modest salary growth. Information provided by the U.S. Bureau of
Labor Statistics indicates that annual growth in wages and salaries
for employees of state and local government has remained below 2.0
percent since mid-2009 and below 1.5 percent since early 2010.
A growing number of annuitants, combined with a low or negative
rate of increase among active members will result in a reduction
in a retirement systemís external cash flow. External cash flow is
defined as the difference between a systemís revenue from
contributions, and payouts for benefits and
Figure H plots the median external cash flow as
a percentage of assets, since FY 01. By itself,
a negative cash flow is not an indication of fiscal or actuarial
distress. Nearly all systems in the survey have an external cash
flow that is negative, meaning they pay out each year more than they
collect in contributions. One effect of a lower (more negative) cash
flow is to require the systemís assets to be managed more
conservatively, with a larger allocation to more liquid assets in
order to meet current benefit payroll requirements.
This yearís increase in negative cash flow as a
percentage of assets results from the
combination of stagnant asset values and growth in benefits payments
that exceeds growth in contributions. This slow growth in
contributions is partly a result of declining public employment
levels (discussed above), and slow to stagnant rates of salary
Figures I and J reflect changes in median employee and employer
contribution rates. Figure I includes active members who also
participate in Social Security; Figure J includes those who do not
participate in Social Security. These contribution rates apply to
general employees and public school teachers; the rates do not
reflect those for public safety workers and other groups of workers
(judges, elected officials, etc.).
Roughly 30 percent of employees of state and local government do not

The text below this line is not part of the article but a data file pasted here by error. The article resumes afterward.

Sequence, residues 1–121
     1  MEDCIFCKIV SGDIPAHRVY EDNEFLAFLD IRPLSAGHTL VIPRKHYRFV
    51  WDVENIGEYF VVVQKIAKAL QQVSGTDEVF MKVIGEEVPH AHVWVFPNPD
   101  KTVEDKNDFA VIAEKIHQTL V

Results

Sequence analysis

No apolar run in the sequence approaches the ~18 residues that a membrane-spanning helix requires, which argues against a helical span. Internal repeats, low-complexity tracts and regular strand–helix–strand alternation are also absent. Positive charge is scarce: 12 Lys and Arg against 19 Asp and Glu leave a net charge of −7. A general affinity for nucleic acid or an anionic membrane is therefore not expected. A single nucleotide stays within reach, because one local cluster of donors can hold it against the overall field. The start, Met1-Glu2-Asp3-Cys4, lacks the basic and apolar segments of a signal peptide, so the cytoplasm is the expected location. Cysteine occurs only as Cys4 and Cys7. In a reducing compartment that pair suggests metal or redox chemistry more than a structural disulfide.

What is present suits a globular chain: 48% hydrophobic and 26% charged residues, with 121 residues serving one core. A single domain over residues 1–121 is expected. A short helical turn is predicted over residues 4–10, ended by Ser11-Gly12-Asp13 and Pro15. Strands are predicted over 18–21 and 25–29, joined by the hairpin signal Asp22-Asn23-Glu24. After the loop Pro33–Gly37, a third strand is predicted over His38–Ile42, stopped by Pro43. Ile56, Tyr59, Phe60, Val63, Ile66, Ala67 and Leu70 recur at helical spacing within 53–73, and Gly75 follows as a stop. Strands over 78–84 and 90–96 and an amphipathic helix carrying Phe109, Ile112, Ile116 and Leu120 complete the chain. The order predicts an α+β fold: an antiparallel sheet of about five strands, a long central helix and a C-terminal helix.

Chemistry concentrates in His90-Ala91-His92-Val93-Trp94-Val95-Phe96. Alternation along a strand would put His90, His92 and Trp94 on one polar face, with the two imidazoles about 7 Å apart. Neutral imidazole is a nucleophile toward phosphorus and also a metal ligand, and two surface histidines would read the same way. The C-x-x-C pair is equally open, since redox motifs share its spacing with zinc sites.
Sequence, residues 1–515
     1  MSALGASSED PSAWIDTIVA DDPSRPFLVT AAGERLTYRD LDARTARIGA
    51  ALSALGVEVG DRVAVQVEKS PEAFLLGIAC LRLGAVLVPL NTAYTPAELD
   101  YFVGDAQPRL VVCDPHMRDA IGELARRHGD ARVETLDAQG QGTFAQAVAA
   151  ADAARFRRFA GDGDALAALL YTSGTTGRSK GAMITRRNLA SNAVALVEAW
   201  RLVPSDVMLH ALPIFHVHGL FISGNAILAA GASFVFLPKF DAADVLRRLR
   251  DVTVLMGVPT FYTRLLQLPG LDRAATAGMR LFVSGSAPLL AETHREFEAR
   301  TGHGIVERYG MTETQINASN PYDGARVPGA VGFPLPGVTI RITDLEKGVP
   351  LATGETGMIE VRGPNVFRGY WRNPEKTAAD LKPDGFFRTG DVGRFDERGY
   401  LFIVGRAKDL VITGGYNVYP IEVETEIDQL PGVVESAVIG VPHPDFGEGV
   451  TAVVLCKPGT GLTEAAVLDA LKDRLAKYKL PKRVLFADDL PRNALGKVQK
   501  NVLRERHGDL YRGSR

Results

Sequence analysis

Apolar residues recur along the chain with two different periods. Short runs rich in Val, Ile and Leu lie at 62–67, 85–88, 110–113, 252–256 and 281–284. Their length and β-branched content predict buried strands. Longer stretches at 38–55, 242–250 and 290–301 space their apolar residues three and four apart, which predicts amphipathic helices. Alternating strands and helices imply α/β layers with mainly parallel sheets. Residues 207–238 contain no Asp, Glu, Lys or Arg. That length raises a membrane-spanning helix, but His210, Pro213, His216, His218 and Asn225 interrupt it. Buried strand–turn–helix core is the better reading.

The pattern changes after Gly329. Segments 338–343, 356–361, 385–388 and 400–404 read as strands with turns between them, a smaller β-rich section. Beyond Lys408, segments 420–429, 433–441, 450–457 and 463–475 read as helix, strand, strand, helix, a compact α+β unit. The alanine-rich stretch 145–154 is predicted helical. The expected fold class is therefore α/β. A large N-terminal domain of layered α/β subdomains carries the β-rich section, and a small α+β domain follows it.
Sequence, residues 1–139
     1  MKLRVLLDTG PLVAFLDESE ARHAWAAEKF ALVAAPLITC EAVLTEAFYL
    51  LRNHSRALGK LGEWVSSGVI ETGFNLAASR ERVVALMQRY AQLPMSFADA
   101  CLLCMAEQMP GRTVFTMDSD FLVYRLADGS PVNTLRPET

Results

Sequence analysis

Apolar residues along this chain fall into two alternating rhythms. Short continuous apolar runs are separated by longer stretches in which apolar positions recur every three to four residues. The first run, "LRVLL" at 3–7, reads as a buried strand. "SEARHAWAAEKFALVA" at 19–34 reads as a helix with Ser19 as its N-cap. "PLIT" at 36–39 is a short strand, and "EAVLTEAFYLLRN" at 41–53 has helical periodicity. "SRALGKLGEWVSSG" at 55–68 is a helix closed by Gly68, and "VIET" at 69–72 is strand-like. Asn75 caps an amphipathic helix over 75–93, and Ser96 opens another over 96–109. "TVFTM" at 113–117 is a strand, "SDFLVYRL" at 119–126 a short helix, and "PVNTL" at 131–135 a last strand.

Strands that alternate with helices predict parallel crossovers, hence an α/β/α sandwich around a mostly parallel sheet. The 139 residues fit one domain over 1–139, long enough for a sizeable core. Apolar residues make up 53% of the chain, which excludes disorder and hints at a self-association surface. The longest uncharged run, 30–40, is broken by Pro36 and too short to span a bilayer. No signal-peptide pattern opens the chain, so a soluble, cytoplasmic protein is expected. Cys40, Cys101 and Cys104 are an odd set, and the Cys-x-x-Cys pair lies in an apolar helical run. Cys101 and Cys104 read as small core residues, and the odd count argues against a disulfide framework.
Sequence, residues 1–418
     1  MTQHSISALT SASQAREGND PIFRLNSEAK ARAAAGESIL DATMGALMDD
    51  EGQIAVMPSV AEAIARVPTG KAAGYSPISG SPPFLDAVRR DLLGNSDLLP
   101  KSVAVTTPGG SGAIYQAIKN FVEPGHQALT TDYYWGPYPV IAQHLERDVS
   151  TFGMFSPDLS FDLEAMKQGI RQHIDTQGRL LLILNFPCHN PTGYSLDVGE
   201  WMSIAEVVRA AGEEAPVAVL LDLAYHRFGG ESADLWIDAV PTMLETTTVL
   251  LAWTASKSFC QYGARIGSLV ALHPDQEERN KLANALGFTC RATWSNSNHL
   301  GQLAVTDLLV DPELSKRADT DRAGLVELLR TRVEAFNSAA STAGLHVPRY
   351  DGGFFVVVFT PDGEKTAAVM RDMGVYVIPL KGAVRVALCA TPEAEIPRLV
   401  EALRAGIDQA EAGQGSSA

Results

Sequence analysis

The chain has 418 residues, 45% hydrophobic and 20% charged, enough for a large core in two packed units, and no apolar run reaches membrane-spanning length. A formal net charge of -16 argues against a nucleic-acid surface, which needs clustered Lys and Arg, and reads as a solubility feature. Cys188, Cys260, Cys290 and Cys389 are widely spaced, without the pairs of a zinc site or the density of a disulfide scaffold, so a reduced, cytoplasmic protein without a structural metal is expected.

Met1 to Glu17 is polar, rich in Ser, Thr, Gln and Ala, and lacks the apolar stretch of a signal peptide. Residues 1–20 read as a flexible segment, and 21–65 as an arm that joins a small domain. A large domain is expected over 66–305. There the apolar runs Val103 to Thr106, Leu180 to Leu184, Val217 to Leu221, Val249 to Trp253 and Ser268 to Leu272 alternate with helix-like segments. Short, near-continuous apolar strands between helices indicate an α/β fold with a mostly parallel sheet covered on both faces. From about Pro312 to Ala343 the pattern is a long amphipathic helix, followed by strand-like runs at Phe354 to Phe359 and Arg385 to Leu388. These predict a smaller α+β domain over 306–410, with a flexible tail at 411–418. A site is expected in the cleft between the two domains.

participate in Social Security, including approximately 40 percent
of all public school teachers, and most to substantially all state
and local government workers in Alaska, Colorado, Louisiana, Maine,
Massachusetts, Nevada, and Ohio.
Nearly every state has made changes to its pension plan in recent
years; the most common change has been an increase in required
employee contribution rates. This trend is reflected in Figure I,
which shows the median employee rate changing, for the first time
since the inception of this survey, from 5.0 percent to 5.7 percent.
Contribution rates among employers in both groups continued recent
Figure K illustrates the changes over time in two measures
pertaining to the Annual Required Contribution (ARC): the average
ARC received by all plans in the Survey; and the percentage of
plans that received at least 90 percent of their ARC (an arbitrary
benchmark denoting a ďgood faithĒ effort). The investment market
losses experienced by public pension funds in 2008-09 increased
public pensionsí unfunded liabilities, which, in turn, increases
the cost of the plan. Meanwhile, the Great Recession decimated
state and (and especially) local government revenues, an
experience from which most plan sponsors still are recovering.
Implementing higher contributions, from employees and employers,
takes time, as the effect of changes, such as investment losses,
must first be measured through an actuarial valuation; then a
legislature or other governing body must approve new contribution
rates. This cycle, from actuarial event to implementation of higher